Concerns Regarding Unpaid Internship

Student Inequity

Unpaid internships disproportionately affect poor and underprivileged students, and they are not conducive to an equitable educational and professional experience. According to Edwards and Hertel-Fernandez, holding a three-month internship in approximately $4,050, not including travel. Low and middle-class students cannot afford to work unpaid internships, as they oftentimes have to provide for themselves and their families. Instead, these students may opt for minimum-wage jobs that are not in the industry they are studying in. According to Intern Bridge, “High income students (>$120,000) were more likely to be involved in unpaid internships in for-profit companies than students from families with less than $80,000 in income.”

This sets off a positive cycle of inexperience and less preparation for those who do not participate in unpaid internships, as they have less relevant positions to list on their resume for future recruitment opportunities as well. According to a survey by the American Public Media’s “Marketplace” and The Chronicle of Higher Education, 79% of employers say that an unpaid internship has a positive impact when evaluating potential candidates — they even go on to say that internship experience is more important than major, university, or GPA when hiring candidates.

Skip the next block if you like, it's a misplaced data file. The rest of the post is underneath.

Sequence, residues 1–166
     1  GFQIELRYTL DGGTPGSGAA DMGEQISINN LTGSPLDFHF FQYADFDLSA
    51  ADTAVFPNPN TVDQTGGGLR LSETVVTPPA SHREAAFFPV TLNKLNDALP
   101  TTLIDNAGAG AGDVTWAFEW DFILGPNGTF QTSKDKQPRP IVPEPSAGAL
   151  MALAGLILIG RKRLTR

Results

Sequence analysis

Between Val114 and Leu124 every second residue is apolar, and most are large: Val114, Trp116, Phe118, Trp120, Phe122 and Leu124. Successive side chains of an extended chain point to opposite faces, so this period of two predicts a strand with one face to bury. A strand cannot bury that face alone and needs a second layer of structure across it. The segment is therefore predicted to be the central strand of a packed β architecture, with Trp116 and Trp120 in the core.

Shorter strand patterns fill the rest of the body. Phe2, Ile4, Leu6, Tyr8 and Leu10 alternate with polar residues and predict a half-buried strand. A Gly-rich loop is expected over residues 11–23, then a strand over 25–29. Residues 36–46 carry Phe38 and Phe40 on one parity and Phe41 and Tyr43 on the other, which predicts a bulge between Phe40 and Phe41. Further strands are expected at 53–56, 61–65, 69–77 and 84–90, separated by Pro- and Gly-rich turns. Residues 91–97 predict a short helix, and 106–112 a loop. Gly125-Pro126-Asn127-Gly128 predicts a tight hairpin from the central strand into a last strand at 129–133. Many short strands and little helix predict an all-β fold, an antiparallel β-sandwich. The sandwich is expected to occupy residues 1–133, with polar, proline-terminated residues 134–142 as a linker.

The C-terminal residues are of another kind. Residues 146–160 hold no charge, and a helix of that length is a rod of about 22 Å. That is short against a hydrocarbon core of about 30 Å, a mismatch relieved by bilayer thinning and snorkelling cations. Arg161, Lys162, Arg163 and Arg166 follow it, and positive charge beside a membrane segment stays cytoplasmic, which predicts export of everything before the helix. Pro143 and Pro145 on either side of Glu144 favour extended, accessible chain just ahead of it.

As financial aid decreases, tuition increases, and student debt rises, the presence of unpaid internships brings huge disparity in career development for students of privileged and unprivileged backgrounds. If you view this from a distributive justice perspective, this very clearly hurts the least advantaged group, low-income students, while benefiting the companies that profit off of unpaid labor.

Not only this, paid internships are often reserved for the students with the largest social network and the strongest resume, which are oftentimes people with privileged backgrounds who have time and money to develop professionally. Even if employers merely paid students minimum wage, hundreds of thousands of students would be able to gain valuable real-world experience in a career path they are interested in. In order to open doors for students of all socioeconomic backgrounds, internships must have some sort of monetary compensation.

Negative Effect on Labor Market

Additionally, unpaid internships are exploited by companies that utilize these interns as replacements for full-time employees. According to Nancy J. Leppink, former director of the Labor Department, “If you’re a for-profit employer or you want to pursue an internship with a for-profit employer, there aren’t going to be many circumstances where you can have an internship and not be paid and still be in compliance with the law.” Since unpaid internships have been increasing at an almost exponential rate, this has emerged as a grave problem presently.